Ontology Is Overrated

Ontology Is Overrated

Shirky’s analysis of the archaic use of categorisation systems is spot on. 

The way humans have classified knowledge has, traditionally, been rigid. The methodology was to create categories under which all knowledge (such as books) could be placed. This was a solution to a physical problem regarding the actual storage of books and represented bias towards formal thinking and strict rules.

However, categorising in this manner is no longer relevant. The internet has revealed a more simple, more direct way of self-organisation (albeit quite still disorganised). Users, instead of adhering to strict categories can “tag” links and resources with numerous identifying words. Tags allow various connections to be drawn between resources more simply and more organically. 

So instead of filing a link under “Entertainment/Movies” a link can be tagged as movie, film, actor, genre, and an infinite number of other tags. These tags allow the link to be cross-compared with other links with similar tags. It’s a really efficient way of organising without forcing everything into predefined boxes.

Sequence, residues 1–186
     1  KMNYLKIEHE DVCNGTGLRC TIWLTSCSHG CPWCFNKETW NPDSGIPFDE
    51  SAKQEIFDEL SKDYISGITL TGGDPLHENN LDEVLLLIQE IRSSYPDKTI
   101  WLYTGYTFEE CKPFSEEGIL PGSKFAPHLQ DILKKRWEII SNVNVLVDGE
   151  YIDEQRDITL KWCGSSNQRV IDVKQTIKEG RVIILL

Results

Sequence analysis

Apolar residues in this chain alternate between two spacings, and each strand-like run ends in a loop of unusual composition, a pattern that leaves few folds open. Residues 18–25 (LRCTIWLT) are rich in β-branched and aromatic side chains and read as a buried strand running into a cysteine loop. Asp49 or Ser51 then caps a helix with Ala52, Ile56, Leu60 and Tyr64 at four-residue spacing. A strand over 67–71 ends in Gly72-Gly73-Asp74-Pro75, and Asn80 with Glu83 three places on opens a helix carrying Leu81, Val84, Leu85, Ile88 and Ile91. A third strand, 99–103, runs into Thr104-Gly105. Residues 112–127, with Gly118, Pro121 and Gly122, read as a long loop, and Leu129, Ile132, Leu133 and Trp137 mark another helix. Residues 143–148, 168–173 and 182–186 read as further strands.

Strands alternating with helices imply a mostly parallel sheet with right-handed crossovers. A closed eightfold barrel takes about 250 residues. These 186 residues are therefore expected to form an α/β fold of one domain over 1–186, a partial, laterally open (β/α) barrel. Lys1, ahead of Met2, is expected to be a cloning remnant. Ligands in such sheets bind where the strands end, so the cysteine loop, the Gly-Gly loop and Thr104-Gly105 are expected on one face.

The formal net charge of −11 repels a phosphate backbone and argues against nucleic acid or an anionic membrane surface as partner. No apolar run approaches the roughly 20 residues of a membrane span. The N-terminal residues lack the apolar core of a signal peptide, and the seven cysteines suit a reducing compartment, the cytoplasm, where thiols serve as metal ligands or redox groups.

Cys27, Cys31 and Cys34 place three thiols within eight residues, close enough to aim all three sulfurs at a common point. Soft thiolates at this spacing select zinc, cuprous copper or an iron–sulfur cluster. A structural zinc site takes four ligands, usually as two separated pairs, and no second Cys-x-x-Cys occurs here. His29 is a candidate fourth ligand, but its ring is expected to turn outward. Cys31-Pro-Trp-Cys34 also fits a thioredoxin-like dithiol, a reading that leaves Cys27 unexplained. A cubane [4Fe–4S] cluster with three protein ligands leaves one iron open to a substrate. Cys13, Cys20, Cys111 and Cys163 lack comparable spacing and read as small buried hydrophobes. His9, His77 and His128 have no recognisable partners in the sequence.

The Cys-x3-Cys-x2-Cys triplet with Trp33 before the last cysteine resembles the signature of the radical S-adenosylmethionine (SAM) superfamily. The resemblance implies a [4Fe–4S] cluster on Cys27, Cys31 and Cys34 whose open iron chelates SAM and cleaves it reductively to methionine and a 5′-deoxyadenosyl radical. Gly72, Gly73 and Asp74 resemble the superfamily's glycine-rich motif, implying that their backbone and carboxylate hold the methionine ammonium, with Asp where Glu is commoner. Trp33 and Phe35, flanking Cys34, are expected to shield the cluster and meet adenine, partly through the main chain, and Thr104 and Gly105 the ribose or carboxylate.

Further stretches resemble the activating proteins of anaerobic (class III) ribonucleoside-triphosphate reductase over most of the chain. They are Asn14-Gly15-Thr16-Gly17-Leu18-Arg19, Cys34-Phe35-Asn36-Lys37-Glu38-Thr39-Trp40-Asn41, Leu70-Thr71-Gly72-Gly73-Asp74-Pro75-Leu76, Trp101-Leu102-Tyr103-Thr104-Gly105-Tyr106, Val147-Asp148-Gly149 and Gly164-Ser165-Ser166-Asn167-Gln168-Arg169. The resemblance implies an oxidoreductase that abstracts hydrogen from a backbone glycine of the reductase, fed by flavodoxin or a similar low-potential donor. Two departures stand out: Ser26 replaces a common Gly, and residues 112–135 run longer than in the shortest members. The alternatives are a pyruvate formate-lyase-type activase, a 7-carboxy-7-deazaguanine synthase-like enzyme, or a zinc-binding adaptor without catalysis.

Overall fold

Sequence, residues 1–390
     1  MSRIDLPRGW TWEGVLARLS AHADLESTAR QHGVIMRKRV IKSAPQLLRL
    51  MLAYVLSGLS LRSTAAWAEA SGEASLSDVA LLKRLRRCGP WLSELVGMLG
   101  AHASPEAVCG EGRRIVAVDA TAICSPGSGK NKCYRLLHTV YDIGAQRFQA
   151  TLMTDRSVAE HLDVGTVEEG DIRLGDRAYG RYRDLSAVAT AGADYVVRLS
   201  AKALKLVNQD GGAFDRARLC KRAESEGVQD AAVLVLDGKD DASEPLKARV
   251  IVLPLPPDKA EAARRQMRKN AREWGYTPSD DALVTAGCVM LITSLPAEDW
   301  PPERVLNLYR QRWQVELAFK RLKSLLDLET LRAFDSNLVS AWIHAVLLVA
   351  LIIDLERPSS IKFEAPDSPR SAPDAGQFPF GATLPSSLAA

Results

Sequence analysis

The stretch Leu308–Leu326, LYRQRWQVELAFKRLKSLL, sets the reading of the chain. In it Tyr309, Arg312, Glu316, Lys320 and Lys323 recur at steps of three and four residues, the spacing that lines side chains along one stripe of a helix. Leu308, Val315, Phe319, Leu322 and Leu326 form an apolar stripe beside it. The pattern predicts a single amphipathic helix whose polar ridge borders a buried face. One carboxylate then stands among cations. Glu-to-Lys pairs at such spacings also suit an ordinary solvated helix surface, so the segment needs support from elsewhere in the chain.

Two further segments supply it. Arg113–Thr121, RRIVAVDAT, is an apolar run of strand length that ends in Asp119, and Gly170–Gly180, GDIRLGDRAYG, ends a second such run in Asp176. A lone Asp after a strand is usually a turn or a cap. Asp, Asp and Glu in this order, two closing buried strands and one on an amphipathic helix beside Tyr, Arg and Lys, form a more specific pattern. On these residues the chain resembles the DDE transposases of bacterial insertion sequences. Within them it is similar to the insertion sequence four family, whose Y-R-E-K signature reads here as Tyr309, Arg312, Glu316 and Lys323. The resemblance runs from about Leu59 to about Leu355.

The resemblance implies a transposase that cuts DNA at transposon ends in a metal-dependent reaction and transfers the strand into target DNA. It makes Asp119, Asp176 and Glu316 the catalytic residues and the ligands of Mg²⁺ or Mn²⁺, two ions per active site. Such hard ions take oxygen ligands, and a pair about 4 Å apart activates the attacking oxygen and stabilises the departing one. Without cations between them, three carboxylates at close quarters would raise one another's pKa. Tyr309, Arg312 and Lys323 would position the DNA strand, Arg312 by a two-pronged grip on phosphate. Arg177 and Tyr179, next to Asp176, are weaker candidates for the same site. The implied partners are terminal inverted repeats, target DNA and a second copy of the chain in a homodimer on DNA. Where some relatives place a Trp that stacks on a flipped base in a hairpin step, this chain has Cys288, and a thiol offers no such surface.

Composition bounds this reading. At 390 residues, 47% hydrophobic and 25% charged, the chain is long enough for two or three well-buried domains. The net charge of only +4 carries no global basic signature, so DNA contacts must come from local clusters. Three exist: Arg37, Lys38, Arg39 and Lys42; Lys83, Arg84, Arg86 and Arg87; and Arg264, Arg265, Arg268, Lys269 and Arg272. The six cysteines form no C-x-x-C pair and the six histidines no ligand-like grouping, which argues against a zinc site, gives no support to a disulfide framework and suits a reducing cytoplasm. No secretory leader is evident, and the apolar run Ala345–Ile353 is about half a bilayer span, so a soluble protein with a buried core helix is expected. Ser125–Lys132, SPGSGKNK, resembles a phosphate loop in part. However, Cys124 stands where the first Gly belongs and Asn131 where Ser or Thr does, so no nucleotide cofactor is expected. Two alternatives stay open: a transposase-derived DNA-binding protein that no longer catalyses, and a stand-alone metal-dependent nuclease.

Core to this thinking are two ideas:

1. The search function. Searching tags is an alternative to finding information. Rather than using a categorised list and browsing through it, users can search for terms, keywords and tags. The results will be more related to the user’s needs without the need for a rigid hierarchy or structure.

2. Signal Loss. The bigger the system gets, the worse the system becomes. Inevitably more and more materials will refuse to fit into categories. This makes a strict category system hard to manage and the problem becomes exponential the bigger the knowledge base becomes. However with tagging, the larger the knowledge base, the less signal loss. Relevant materials become easier to find because the tags allow for more precision.

Shirky presents a thoughtful and compelling argument for reconsidering the way we categorise. Sites like del.icio.us proved that user tagged content is an efficient, self-managing system. Regardless of the problems resulting from how users interpret and tag links, if enough users independently tag a link, then that link will be easy to search for. Differentiation becomes possible on a macro scale with a single link able to have twenty or thirty tags.

Thus, the rise of word clouds – popular tag clouds and tag searching will become more relevant and common.


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